According to Plaintiffs, SEI contracted with Stanford Trust Company to "provide monthly and quarterly reports" on the value of Stanford Trust Company's SIBL CDs. (Doc. 28-5 at ¶ 9). But the CDs were actually "highly speculative debt instruments," part of a "a massive Ponzi scheme." (Id. at ¶¶ 6-7). SEI "played a vital and substantial role" in Stanford Trust Company's sale of the SIBL CDs by "providing the platform and expertise ... to implement the deceptive scheme." (Id. at ¶ 10). Specifically, SEI "fail[ed] to properly report the value" of the SIBL CDs in "monthly and quarterly" reports to Plaintiffs. (Id. at ¶¶ 21, 34).

         In 2013, Plaintiffs amended their petition to assert direct-action claims under LA. REV. Stat. § 22:1269 against SEI's insurers: Allied World Assurance Company (U.S.) Inc., Continental Casualty Company, Arch Insurance Company, Indian Harbor Insurance Company, Nutmeg Insurance Company, and Certain Underwriters at Lloyd's of London subscribing to policy nos. FD0805144, FD0805145, FD0805146, FD0805149 (collectively, the "Insurer Defendants"). (Doc. 28-5).

         The Insurer Defendants removed the case to this Court under the Class Action Fairness Act. See 28 U.S.C. §§ 1332(d)(2) & 1453(b). Five months later, the United States Judicial Panel on Multidistrict Litigation transferred Plaintiffs' claims against SEI and the Insurer Defendants to MDL No. 2099, In re: Stanford Entities Securities Litigation, before Judge David. C. Godbey of the United States District Court for the Northern District of Texas.[3] (Doc. 94).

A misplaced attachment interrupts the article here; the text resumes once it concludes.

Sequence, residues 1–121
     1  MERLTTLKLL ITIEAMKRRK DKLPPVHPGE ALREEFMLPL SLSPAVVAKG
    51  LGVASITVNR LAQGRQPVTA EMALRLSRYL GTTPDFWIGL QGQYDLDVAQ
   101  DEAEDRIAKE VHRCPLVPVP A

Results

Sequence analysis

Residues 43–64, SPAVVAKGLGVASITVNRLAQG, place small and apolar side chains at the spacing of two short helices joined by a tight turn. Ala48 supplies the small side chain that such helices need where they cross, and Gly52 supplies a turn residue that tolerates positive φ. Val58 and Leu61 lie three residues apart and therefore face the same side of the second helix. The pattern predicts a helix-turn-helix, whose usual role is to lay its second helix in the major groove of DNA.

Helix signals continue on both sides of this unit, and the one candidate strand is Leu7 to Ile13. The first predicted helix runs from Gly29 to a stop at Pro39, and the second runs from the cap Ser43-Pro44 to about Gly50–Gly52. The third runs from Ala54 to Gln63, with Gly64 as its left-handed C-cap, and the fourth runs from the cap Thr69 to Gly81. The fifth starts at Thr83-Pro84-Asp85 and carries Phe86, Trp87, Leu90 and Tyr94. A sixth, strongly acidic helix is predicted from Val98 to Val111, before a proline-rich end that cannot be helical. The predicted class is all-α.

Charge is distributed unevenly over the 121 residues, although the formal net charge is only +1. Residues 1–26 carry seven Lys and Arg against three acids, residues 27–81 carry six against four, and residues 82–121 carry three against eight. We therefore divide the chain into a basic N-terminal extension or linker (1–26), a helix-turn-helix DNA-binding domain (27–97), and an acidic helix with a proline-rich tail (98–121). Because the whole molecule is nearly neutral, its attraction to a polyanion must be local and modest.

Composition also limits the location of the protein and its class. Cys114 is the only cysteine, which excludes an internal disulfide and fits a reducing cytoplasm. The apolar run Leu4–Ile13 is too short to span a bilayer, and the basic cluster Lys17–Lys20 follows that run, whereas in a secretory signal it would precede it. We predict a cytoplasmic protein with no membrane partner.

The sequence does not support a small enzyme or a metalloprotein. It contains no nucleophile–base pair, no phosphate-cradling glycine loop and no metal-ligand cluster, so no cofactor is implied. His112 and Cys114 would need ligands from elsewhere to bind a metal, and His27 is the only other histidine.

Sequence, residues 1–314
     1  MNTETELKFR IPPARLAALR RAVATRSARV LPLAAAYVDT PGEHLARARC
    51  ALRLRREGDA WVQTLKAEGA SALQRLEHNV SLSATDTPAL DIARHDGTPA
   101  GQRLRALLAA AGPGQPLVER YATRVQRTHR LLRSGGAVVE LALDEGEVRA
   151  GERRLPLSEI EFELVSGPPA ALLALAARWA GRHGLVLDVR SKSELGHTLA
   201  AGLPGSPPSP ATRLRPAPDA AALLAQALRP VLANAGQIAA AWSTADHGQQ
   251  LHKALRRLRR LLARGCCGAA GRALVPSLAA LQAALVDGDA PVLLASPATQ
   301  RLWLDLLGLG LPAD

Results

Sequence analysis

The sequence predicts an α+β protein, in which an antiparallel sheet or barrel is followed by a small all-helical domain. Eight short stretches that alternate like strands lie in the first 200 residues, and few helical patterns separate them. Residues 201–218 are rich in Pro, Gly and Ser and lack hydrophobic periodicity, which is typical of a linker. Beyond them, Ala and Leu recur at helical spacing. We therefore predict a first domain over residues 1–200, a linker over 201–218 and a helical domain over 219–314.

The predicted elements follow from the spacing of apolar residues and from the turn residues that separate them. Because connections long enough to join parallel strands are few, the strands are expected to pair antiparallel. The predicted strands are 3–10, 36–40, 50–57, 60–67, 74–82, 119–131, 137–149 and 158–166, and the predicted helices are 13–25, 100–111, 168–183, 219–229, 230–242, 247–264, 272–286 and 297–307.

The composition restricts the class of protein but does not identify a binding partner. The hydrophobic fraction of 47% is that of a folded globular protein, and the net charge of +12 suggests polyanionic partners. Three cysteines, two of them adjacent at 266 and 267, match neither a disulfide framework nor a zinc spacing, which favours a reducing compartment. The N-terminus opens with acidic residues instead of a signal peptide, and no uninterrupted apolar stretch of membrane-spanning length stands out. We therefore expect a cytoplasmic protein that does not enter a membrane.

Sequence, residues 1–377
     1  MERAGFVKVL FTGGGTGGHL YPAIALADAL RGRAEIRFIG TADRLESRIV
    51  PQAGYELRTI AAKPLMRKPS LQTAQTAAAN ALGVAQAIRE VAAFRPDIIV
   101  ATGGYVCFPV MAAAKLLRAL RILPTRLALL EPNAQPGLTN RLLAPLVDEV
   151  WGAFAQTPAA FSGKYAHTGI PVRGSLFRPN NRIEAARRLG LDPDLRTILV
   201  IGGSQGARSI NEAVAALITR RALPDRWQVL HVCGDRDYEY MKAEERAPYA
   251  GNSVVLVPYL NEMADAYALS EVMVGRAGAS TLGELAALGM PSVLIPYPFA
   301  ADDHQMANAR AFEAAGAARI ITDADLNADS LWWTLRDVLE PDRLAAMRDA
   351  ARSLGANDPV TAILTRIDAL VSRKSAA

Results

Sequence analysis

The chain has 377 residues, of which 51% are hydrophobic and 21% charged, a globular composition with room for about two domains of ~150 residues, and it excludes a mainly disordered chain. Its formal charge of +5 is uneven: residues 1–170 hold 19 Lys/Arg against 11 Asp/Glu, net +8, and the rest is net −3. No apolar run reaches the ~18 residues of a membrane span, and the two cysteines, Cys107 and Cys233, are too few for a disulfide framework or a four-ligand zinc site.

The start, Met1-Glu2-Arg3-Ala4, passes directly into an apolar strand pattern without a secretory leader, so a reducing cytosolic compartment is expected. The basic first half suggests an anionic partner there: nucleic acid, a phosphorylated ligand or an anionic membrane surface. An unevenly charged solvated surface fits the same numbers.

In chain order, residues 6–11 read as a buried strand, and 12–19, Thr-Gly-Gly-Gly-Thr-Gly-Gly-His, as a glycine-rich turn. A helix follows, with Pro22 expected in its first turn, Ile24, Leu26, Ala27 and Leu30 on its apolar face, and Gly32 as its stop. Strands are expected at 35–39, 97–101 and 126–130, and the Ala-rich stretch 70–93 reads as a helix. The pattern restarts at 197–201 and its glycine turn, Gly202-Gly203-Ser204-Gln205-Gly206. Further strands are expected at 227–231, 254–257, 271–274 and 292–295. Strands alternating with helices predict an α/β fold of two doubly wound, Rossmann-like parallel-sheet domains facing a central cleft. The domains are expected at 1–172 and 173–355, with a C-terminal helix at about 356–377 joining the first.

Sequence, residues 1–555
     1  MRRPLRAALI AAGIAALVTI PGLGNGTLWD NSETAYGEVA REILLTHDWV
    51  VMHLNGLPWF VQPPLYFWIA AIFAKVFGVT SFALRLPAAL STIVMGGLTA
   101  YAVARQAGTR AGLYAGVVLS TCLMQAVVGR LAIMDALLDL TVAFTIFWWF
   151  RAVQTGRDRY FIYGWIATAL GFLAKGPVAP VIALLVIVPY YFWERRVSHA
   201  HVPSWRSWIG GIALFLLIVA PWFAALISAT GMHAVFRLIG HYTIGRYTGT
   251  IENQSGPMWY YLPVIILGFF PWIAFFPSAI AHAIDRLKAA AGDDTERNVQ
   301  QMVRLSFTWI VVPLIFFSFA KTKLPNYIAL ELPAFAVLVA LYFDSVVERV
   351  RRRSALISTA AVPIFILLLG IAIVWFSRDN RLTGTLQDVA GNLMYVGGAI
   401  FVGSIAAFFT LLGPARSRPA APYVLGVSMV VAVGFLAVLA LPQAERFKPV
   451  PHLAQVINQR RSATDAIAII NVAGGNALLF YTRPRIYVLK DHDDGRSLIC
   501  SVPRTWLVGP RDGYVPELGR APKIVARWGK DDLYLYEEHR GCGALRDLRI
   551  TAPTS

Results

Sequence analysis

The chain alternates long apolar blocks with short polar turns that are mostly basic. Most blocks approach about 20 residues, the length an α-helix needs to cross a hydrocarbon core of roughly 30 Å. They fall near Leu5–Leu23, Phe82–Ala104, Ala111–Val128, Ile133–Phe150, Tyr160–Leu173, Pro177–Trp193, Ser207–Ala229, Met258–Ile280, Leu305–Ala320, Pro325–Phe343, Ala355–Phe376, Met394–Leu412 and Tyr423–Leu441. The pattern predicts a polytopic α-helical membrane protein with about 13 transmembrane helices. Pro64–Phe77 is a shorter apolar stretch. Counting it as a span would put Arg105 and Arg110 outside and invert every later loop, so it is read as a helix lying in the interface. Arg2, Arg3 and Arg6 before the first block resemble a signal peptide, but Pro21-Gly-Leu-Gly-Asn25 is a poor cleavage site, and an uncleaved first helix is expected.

In the Northern District of Texas, SEI obtained on-the-pleadings dismissals of Plaintiffs' claims under Sections 712(D) and 714(A) of the Louisiana Securities Law. (Docs. 198 & 199 in N.D. Tex. No. 3:13-CV-3127-N). So the only remaining claim against SEI is a control-person claim under Section 714(B) of the Louisiana Securities Law. See La. Rev. Stat. § 51:714(B).

         The case remained in the Northern District of Texas for five years. (Docs. 94, 104). It returned to this Court in January 2019, when the JPML entered a conditional remand order. (Doc. 104). At the time of remand, two motions were pending: SEI's motion for summary judgment and Plaintiffs' motion for a continuance under Federal Rule of Civil Procedure 56(d). (Docs. 127, 130).[4] The Court considers each in turn.

         C. The Motion for Summary Judgment

         SEI moves for summary judgment on the ground that Plaintiffs cannot prove the control element of their Section 714(B) control-person claim. (Doc. 127). SEI contends that the contract defined its relationship with Stanford Trust Company, and the terms of that contract confirm that it did not control the liability-creating conduct of Stanford Trust Company. (Doc. 128). Plaintiffs disagree. (Docs. 129, 130, 141).

         In Plaintiffs' view, summary judgment is premature. (Doc. 129). Plaintiffs assert that "no substantive document production or substantive depositions have occurred . . . other than the 30(b)(6) deposition of SEI[.]" (Id.). And Plaintiffs assert that they "are unable to fully present facts essential to [their] opposition" because they "have not been permitted to conduct substantive discovery." (Id.).

         D. The Motion for a Rule ...